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At the end of Elizabeth McNeil’s last poetry reading, an audience member and friend expressed, “We need the poems, the words, that Elizabeth has given us here tonight.” McNeil’s grasp for the power of language as a poet, writer and professor is profoundly moving and touching. Her poetry has appeared in “Fourteen Hills,” “Flint Hills Review,” and “Flyway,” among other journals, and a monograph, “Trickster Discourse: Mediating Transformation for a New World,” was published this year.

From the emotion and sincerity in her pieces, it’s no wonder McNeil’s talent moves her audience to tears. Her presence in conversation and performance is haunting — it remains in the consciousness and can’t be forgotten.

The State Press: What are your poems about? Your own life, your past, the future?

Elizabeth McNeil: My current work has elements of autobiography and is occasionally largely autobiographical, but most of it is imagined. The “I” is extremely important, but I do not want to be a self-absorbed confessionalist. I have to add, though, that I think everyone’s writing is actually always about their personal being, though not necessarily their experiences. Their philosophy is in there some way or another, with some things more obviously autobiographically rooted. As far as my imagery and subjects, I find I’m most interested in the body and nature, and children, mothering. Another feature common in my work is that I sometimes use lines of dialogue — characters’ voices — which adds an aspect of “hearing” a piece.

SP: Do you feel that you address women’s concerns more overtly?

EM: I’m writing about being human from a woman’s perspective. So I’m certainly writing about women and relationships. I think that intelligent poetry — intelligent writing — ends up dealing with social justice, compassion. The poetry I’m most attracted to and moved by is more about offering understanding than critiquing. Poetry, for me, is a window into experience and feeling that resonates with the reader viscerally or emotionally, as well as intellectually.

SP: How would you describe your style at readings?

EM: I’m not a pretentious reader — at least I hope I’m not. No monotone. I use slight pauses to honor line break and stanza. I want to represent the sensitivity to the timing on the page. There’s emphasis on certain words and images, as would be natural in speech or relaying an emotion. I love the feeling of reading wholly with the body, embodying in solar plexus, heart, voice, the poem’s strength, to really communicate that to the audience. I like to leave silence — a reasonable pause — between pieces, too, to allow respectful space for the audience to be with the piece for a moment.

SP: Is the reading of your work affected by the audience?

EM: My writing is for all audiences. I would be horrified to think that my work or my intentions to communicate with people would be considered otherwise. I’d describe myself as a fourth-wave genderqueer ecofeminist, which promotes getting out of all the ridiculous binaries and categories that keep us separate from each other and from the earth. We’re all human beings, beautiful intelligent animals. I would never want there to be any delineation for my audience members. When one constructs a genuine figure — an image — in a poem which is profound, that ought to reach everyone, should transcend the subject matter. I want to be about creating an environment in the room in which love and understanding appear, a deep ease with self — peace, I guess.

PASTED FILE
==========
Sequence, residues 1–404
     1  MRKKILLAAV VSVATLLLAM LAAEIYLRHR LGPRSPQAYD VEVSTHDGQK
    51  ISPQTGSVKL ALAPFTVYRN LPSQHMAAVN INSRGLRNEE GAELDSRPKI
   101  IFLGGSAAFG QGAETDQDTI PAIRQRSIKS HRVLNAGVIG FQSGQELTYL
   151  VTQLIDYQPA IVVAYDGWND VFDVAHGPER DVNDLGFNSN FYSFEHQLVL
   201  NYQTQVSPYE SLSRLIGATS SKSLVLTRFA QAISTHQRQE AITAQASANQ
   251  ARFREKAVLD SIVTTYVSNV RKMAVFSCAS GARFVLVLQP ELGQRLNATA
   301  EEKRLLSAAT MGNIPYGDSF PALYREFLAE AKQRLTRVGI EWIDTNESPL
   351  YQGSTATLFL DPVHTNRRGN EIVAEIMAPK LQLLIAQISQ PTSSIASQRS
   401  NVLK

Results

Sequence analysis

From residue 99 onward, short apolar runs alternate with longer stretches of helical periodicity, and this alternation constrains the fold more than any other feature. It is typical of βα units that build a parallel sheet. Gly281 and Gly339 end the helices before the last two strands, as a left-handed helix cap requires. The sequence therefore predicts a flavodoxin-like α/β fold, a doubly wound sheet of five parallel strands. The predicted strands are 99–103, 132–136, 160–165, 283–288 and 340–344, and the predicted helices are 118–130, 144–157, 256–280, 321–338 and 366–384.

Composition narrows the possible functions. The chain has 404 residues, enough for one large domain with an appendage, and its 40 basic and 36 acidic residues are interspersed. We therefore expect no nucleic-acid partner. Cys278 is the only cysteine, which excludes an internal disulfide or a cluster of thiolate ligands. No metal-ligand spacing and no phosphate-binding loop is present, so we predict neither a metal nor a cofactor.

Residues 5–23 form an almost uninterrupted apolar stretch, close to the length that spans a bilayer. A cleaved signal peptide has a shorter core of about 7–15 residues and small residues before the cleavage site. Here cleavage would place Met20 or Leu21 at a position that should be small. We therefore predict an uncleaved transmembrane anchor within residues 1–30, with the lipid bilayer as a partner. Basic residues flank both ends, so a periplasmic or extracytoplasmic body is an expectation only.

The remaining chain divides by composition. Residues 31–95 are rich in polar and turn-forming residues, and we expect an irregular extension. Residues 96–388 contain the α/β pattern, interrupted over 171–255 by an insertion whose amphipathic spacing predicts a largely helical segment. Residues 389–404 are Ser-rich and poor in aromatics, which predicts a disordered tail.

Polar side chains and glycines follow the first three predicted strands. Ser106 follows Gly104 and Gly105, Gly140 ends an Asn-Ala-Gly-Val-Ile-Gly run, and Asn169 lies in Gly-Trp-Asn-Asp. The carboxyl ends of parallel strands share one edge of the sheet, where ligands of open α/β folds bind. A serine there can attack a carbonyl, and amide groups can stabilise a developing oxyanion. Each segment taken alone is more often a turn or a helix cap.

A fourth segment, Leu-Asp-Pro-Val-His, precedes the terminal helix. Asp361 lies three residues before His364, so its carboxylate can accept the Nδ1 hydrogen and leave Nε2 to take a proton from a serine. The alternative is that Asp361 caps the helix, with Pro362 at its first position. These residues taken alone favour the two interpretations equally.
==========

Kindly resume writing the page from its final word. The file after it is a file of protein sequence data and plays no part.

SP: Who are your influences, poetic or otherwise?

EM: I couldn’t reduce it. There are so many beautiful, beautiful writers. You can read one poem, one image that changes you, that knocks you out. “Solar Storms” by Linda Hogan stands out for me at the moment. Hogan is Native American, a prolific essayist, fiction writer, and poet who’s really concerned with our relationship with the earth, animals, all of nature, each other. For the last several years or so, I’ve been most attracted to folks who have a lyrical fictional voice — Lois-Ann Yamanaka, Louise Erdrich, Hogan, David Ebershoff, Susan Griffin, many others — as well as poets like Mary Oliver, whose nature imagery gets at the most fundamental ways we relate and love. Very powerful stuff that I find life-changing, transformative, as a reader. I find I’m naturally more drawn to female writers, how they tell stories, their concern for women, children, relationships. There’s a warmth that I associate with women, but I’ve read plenty of great pieces by men. As a teacher, I want to offer texts by women and so-called ethnic American writers because students might never come across those works on their own. Students come into my literature courses to get just that, based on what they tell me the first day, so I want to give them works that will widen their horizons, help them find new ways to see the world, new ways to see themselves, their own lives.

SP: What is ecofeminism?

EM: The idea that the oppression and exploitation of women and the earth are interconnected. It’s a way to see the world and think about the world — to care about children and their intelligence, to care about the intrinsic value and intelligences of all life and matter. To understand that life works together as this one big incredible interconnected system.

SP: Is there anything you’d like to add?

EM: Poetry has to be honest — genuine. You take someone and shake them with a powerful image, to help them get better, to heal, to love.

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